Annie Dillard’s The Maytrees is a philosophical poem, a book-length existential exploration of the sort that Dillard’s character Toby Maytree writes. Known simply as Maytree, this ex-soldier, occasional carpenter, and bohemian beach poet of post-WWII Provincetown, Massachusetts, stakes his claim on the tall and well-read but quiet beauty Lou Bigelow. Together, Lou and Maytree eke out a simple and contented existence in the dunes, two souls living as one solitary in the starlit sand, joined eventually by Baby Petie. When, after fourteen years, Maytree decides to move on, he and Lou are aware that their union yet survives, a union that will extend to and enclose all those who come to rely on it during the next twenty-five years.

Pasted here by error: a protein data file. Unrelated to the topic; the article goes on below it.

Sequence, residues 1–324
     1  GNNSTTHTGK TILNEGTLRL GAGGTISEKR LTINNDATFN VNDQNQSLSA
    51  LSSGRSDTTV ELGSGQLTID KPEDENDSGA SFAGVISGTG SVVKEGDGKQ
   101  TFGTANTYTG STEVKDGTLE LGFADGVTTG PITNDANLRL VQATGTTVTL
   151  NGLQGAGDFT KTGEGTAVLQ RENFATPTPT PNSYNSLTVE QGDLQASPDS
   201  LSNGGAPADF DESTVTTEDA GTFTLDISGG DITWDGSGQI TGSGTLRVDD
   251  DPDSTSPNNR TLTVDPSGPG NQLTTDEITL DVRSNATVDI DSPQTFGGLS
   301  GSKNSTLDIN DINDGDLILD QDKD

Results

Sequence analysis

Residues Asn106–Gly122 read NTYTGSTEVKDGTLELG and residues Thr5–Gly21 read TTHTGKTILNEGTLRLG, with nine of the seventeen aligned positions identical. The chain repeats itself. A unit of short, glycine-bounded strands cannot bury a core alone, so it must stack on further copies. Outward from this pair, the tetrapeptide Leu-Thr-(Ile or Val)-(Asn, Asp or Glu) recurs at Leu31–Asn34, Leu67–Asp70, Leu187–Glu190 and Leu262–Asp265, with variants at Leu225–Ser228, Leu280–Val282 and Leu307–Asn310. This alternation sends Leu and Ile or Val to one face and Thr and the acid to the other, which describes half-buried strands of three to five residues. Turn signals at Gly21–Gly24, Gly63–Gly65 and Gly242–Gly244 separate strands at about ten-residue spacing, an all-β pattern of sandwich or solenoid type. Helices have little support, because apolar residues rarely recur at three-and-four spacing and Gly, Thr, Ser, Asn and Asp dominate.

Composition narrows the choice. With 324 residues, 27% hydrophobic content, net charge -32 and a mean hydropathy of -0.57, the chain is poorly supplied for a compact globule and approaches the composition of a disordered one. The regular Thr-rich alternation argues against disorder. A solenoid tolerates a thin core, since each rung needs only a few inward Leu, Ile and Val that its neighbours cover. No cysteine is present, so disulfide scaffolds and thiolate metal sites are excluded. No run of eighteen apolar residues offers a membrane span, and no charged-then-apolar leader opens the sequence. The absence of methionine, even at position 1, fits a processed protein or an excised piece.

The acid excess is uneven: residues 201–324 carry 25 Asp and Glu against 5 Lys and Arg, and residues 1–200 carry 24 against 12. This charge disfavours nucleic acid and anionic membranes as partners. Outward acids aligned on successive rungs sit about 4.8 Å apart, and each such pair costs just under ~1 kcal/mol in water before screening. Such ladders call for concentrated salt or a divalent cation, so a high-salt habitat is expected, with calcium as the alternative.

This is a story about beauty and endurance, a story about love—romantic, maternal, fraternal; selfless, knowing, abiding. It is about the relationship between one person and another and the relationship between people and place.
Short phrases, dense with meaning, advance the few scenes like paintings that define Lou’s and Maytree’s uncomplicated yet intense lives. Dillard’s poetic style, combined with the few-worded New England fortitude of her characters, renders them transcendent as Everyman while remaining intimate and deeply connected to their time and place. Unlike any novel I have experienced, this one deserves to be read slowly and absorbed a few pages at a time.
You can listen to the author read a brief excerpt here.